Sales lead nurturing is the process of strategically managing a prospect’s relationship with your brand. It includes sending them emails, showing them content, and ultimately turning them into a customer. Sales lead nurturing takes time and effort, but it’s vital to your business’ success. If you’re not doing it right though, you could end up wasting valuable resources (and money). In this post we’ll explore some common ways that sales teams are failing at lead nurturing so that you can avoid making those same mistakes.
Start With Content
Content is the foundation of your lead nurturing strategy. It’s what you use to engage with your audience and show them how you can solve their problems, so get it right.
Content should be relevant to your target audience and personalized for each person who engages with it. You can also create content that’s personal by including a customer story or case study that shows how someone else used your product in an effective way. This type of content will help build trust between you and the prospect, which makes them feel more confident about buying from you later on.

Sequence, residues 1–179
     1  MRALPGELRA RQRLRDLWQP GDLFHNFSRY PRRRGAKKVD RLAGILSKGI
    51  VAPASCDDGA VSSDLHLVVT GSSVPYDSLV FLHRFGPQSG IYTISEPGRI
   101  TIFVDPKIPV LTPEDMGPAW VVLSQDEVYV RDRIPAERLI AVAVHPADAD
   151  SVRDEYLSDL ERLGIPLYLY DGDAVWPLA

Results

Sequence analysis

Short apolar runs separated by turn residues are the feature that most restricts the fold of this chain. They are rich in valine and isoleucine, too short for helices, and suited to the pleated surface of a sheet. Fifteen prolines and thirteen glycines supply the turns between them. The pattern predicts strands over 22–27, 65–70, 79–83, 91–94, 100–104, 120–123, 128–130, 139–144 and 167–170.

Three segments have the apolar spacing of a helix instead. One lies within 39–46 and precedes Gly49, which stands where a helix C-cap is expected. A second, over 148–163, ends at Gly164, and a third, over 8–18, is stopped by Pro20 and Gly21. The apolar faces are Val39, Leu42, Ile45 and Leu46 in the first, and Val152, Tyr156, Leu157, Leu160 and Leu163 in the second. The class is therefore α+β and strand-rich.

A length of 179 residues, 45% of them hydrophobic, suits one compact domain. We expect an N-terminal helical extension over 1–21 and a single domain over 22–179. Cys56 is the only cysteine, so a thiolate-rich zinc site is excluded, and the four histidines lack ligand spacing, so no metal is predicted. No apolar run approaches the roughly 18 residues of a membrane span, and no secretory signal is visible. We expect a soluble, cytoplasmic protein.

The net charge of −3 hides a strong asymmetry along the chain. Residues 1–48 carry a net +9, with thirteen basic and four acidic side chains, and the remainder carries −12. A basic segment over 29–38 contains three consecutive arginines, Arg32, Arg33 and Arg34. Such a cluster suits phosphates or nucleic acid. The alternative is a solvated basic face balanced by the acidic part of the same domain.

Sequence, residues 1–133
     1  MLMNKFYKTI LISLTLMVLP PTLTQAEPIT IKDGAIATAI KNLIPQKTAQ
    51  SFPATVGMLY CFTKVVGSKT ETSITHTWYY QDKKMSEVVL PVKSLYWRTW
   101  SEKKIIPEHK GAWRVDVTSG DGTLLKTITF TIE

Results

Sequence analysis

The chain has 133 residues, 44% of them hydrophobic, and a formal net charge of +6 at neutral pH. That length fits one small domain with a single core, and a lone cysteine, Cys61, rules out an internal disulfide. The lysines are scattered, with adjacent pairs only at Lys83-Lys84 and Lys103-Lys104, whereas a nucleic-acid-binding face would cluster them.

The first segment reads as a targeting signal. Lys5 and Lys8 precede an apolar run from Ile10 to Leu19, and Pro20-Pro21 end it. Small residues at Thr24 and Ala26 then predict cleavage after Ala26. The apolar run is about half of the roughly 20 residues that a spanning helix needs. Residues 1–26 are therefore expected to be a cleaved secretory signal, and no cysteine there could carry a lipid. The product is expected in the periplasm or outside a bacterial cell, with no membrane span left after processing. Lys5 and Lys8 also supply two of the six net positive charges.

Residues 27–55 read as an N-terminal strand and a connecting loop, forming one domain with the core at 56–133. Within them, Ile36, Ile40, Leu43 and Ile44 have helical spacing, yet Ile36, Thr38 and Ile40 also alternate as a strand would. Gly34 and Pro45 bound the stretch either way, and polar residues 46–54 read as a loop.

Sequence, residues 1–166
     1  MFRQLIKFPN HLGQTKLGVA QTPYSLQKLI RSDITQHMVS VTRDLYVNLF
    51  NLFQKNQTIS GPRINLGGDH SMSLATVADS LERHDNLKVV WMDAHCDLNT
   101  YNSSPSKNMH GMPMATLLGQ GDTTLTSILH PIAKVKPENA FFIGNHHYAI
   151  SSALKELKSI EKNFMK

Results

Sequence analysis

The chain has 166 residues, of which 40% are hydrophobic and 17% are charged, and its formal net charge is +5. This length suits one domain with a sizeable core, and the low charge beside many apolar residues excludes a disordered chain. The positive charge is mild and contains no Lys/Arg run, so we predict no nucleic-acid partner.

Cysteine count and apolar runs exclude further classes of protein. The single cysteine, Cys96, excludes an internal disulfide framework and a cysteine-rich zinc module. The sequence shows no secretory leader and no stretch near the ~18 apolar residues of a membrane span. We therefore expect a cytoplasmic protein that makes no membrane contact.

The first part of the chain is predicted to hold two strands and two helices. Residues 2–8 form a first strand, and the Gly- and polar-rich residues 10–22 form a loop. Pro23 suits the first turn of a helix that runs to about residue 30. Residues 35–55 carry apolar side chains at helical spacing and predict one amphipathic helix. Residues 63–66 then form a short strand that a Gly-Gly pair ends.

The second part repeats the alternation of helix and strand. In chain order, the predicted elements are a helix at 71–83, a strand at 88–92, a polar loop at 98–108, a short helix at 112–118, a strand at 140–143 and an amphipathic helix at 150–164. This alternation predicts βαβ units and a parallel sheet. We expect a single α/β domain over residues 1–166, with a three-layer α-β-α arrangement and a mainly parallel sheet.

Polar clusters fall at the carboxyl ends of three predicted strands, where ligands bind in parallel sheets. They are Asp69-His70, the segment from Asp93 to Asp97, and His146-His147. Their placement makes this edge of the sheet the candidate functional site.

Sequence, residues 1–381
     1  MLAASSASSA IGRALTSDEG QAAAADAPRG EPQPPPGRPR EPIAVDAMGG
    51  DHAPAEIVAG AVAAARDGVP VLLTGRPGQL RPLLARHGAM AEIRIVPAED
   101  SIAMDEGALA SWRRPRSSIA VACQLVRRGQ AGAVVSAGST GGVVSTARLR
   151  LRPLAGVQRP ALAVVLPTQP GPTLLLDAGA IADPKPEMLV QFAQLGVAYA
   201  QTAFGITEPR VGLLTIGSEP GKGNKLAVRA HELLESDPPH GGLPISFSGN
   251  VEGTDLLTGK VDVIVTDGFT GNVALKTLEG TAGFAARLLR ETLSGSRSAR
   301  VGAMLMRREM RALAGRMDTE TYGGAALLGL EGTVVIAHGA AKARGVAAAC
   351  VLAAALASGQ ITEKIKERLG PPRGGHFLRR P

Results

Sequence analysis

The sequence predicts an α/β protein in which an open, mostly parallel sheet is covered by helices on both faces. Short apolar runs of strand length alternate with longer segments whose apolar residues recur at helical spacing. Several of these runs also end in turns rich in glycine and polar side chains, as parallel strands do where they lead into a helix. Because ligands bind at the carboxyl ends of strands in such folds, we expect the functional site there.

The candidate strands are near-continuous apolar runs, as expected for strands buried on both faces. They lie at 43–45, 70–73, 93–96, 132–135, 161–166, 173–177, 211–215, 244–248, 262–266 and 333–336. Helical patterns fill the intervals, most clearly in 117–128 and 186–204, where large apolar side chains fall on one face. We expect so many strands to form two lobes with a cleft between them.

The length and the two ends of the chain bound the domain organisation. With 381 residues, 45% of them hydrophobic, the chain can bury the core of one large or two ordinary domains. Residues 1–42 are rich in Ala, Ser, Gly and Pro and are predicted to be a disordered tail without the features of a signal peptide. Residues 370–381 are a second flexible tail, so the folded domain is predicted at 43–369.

Remember: Your content should match up with where a prospect is in his or her buyer journey. If someone has just filled out a form on your website asking for more information, send him/her some helpful information that’s related to his/her needs (but not too much—you don’t want to overwhelm). If he/she hasn’t bought anything yet but has been following along through social media channels like Facebook Live videos or Twitter chats, send him/her something relevant but less salesy than what he would get if he was just starting out looking at all options available before making any decisions (like this article!).